Monday marks the 173rd anniversary of the fateful landing of the HMS Beagle on the Galápagos Islands. Aboard that day in 1835 was Charles Darwin, whose five-year journey would bring us natural selection and the rise of the neocreationists.
Monday will include a clearer picture of the messy natural selection well underway on Wall Street. Bank of America Corp. will buy Merrill Lynch & Co. for about $29 a share, according to The Wall Street Journal. BofA paid a premium, of course, because it's only money, scads of money. No one outside the loop understands how BofA, a company with declining profits and an albatross named Countrywide Financial in its portfolio, can afford to pay $29 a share for Merrill Lynch, a company trading at $17 a share on Friday. Such is the weekend deal.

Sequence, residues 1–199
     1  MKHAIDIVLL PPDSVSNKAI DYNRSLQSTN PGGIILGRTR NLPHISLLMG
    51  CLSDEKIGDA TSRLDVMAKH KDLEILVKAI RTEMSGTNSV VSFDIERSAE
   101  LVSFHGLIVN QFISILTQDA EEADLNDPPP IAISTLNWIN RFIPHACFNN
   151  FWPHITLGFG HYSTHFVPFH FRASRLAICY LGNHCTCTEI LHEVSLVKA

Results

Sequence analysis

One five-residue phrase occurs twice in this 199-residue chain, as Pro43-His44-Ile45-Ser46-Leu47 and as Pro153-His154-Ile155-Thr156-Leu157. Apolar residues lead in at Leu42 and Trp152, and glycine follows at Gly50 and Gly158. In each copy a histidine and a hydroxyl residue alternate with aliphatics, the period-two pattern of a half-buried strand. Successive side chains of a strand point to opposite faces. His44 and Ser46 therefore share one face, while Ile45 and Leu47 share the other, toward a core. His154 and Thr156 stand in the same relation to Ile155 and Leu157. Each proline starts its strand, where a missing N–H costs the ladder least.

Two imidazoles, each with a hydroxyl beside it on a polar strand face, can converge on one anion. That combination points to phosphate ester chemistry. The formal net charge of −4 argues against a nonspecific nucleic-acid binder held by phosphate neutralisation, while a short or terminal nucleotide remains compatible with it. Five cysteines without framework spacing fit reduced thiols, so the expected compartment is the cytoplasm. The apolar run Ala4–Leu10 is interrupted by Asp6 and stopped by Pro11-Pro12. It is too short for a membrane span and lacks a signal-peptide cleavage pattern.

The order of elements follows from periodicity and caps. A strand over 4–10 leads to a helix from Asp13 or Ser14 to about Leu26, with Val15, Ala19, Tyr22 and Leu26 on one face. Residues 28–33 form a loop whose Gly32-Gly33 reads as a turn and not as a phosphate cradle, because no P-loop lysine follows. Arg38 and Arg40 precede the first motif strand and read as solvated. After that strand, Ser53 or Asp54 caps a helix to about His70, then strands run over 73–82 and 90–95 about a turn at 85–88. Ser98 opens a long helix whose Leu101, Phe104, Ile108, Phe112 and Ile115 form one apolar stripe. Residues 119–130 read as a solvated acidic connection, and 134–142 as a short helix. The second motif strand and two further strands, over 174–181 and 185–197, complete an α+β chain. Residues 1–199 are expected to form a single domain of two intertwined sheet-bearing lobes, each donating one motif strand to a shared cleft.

Lehman Brothers is in the toilet. Washington Mutual and A.I.G. could be goners by the end of the week. Britain could soon slide into recession.
A "once-in-a-century" financial meltdown, Alan Greenspan says, and "it still has a way to go." Already a notch past the teeter stage, we've yet to see the bottom. Extinctions will continue.
We will evolve and the good guys will win. Now we wait for someone to win, so we can call them good.